Prevention and Treatment of Shin Splints

Photo Credit: Andrey CC-BY-2.0
Runners. joggers, athletes and others who engage in high-impact aerobic exercise or sports can suffer from shin splints. Shin splints is a painful condition of the tibia and lower leg. The tibia is the large bone in the front of the lower leg, often called the shin bone. Force exerted on the shin can injure the tendons and connective tissues that attach the muscles to the tibia resulting in pain, swelling and sometimes redness. Shin splints can be very painful and may last for a few days to a week. See a doctor if swelling or redness persists and pain does not begin to subside within a few days. You can treat shin splints with ice to reduce the swelling and an over-the-counter pain reliever with an anti-inflammatory like Ibuprofen. 
You can prevent shin splints by taking  a few simple precautions. Wear a shoe designed for the type of activity you want to engage in. Runners and joggers should wear a shoe with a good arch support and enough padding to cushion the impact of the foot hitting the ground. Replace your shoes when they begin to show wear, usually after about 350 miles of wear. If you still experience shin pain, even with a good shoe, consider adding arch supports. A podiatrist can help you select an appropriate size arch support to relieve the stress on  your shin and support your feet comfortably.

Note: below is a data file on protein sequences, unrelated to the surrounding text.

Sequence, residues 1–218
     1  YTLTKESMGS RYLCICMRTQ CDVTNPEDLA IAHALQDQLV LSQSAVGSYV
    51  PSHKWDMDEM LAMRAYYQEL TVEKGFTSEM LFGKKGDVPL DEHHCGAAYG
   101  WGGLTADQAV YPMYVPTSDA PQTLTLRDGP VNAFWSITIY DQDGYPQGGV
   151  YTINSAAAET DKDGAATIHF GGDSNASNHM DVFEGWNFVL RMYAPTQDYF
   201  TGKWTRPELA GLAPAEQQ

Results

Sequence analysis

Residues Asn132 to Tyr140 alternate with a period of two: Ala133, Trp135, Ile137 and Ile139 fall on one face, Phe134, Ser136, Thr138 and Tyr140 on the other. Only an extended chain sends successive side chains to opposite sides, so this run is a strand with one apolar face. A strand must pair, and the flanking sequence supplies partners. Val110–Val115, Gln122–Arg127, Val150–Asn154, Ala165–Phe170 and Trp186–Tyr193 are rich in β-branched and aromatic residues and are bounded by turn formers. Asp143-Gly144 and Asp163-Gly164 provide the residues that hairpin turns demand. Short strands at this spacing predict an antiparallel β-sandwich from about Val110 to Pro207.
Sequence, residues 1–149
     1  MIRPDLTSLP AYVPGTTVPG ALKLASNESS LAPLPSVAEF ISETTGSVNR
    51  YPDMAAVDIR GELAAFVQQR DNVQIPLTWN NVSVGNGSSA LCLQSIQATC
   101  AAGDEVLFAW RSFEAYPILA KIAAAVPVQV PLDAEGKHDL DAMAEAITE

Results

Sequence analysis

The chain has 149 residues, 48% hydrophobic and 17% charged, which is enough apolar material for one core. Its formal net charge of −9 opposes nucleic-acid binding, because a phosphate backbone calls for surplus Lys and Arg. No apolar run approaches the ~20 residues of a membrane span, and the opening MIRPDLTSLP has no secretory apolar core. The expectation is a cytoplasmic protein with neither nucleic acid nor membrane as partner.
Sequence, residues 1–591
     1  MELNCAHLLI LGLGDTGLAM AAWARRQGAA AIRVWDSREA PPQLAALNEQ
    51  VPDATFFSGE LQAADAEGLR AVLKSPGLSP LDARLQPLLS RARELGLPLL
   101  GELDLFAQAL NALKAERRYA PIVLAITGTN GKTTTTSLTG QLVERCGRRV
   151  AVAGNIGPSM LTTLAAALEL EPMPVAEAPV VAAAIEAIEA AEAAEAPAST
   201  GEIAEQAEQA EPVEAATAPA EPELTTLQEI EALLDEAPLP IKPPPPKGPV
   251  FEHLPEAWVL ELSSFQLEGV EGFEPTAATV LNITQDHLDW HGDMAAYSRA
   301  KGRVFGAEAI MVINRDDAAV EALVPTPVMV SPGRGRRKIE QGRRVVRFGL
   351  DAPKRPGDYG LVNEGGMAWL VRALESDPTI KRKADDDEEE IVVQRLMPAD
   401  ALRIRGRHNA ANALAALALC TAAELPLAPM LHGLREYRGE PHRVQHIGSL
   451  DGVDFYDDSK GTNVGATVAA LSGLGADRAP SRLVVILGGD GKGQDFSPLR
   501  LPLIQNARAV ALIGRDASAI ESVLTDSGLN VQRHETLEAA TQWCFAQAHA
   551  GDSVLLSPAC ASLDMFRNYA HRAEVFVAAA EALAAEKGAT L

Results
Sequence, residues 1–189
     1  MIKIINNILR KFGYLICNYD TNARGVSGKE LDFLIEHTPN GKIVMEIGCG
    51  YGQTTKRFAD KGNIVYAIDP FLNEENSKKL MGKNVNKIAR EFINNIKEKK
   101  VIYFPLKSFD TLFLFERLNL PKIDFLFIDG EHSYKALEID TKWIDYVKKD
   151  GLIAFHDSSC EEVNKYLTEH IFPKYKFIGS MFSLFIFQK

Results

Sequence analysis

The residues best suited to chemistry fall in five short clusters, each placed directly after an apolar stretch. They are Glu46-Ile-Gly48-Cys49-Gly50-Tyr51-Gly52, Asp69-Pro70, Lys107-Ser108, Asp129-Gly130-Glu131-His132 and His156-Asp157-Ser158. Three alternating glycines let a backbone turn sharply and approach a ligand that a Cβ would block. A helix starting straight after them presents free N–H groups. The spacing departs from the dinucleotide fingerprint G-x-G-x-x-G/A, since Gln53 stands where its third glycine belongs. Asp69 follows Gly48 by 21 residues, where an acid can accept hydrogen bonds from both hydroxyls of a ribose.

You can reduce the chance of suffering shin splints by cross-training and running on alternate days. Try swimming one day and running the next followed by bicycling before running again. You will help protect your shins from injury. Cross-training is also an excellent way to keep your whole body in shape. Strength train your leg muscles to strengthen the muscle and tendons attached to the shin. Lift weights with your legs and perform crunches and other exercises that will strengthen all the muscles of your legs. 

For more information about shin splints, see:
Mayo Clinic, Shin Splints
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About Robin R.
I’m an AFPA certified personal trainer & nutrition consultant, NASM certified corrective exercise specialist, NASM certified youth exercise specialist, online fitness coach and freelance writer specializing in health and fitness. I hold a Bachelor of Arts in psychology from the University of San Francisco and a Master of Science in natural health. I specialize in weight loss, functional strength training, total body toning, aerobic conditioning, plyometric training, nutrition planning, and home-based boot camp style workouts for women. My goal is to make every personal training session fun and effective for my clients. My services include both in-home personal training and online fitness coaching.

One Response to Prevention and Treatment of Shin Splints

  1. James Black says:

    I always get the worst shin splints. Thanks for sharing this article. I learned a lot of new things…

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